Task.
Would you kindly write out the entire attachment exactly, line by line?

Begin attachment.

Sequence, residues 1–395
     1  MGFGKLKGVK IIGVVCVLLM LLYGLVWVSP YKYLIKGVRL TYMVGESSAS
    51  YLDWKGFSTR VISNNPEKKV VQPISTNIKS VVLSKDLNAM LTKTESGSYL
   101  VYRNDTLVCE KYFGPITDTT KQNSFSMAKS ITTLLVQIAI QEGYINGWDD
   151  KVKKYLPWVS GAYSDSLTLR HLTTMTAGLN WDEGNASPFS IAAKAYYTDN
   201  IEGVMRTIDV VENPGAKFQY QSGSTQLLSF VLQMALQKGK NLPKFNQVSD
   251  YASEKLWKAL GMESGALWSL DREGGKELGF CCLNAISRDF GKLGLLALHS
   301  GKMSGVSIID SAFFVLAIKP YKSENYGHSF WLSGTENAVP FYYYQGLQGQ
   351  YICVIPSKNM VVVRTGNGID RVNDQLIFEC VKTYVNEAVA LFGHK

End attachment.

Sequence, residues 1–395
     1  MGFGKLKGVK IIGVVCVLLM LLYGLVWVSP YKYLIKGVRL TYMVGESSAS
    51  YLDWKGFSTR VISNNPEKKV VQPISTNIKS VVLSKDLNAM LTKTESGSYL
   101  VYRNDTLVCE KYFGPITDTT KQNSFSMAKS ITTLLVQIAI QEGYINGWDD
   151  KVKKYLPWVS GAYSDSLTLR HLTTMTAGLN WDEGNASPFS IAAKAYYTDN
   201  IEGVMRTIDV VENPGAKFQY QSGSTQLLSF VLQMALQKGK NLPKFNQVSD
   251  YASEKLWKAL GMESGALWSL DREGGKELGF CCLNAISRDF GKLGLLALHS
   301  GKMSGVSIID SAFFVLAIKP YKSENYGHSF WLSGTENAVP FYYYQGLQGQ
   351  YICVIPSKNM VVVRTGNGID RVNDQLIFEC VKTYVNEAVA LFGHK